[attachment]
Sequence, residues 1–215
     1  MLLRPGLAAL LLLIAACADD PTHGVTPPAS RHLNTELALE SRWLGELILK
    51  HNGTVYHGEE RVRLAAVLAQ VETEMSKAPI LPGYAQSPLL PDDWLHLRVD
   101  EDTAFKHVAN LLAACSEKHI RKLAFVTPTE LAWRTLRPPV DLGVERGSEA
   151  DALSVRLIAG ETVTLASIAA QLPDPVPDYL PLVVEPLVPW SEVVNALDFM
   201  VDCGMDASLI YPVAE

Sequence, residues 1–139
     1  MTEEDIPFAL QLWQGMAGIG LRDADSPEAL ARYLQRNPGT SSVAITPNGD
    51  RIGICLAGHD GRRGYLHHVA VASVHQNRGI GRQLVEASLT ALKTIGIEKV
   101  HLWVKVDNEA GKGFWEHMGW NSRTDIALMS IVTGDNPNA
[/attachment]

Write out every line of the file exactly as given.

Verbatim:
Sequence, residues 1–215
     1  MLLRPGLAAL LLLIAACADD PTHGVTPPAS RHLNTELALE SRWLGELILK
    51  HNGTVYHGEE RVRLAAVLAQ VETEMSKAPI LPGYAQSPLL PDDWLHLRVD
   101  EDTAFKHVAN LLAACSEKHI RKLAFVTPTE LAWRTLRPPV DLGVERGSEA
   151  DALSVRLIAG ETVTLASIAA QLPDPVPDYL PLVVEPLVPW SEVVNALDFM
   201  VDCGMDASLI YPVAE

Sequence, residues 1–139
     1  MTEEDIPFAL QLWQGMAGIG LRDADSPEAL ARYLQRNPGT SSVAITPNGD
    51  RIGICLAGHD GRRGYLHHVA VASVHQNRGI GRQLVEASLT ALKTIGIEKV
   101  HLWVKVDNEA GKGFWEHMGW NSRTDIALMS IVTGDNPNA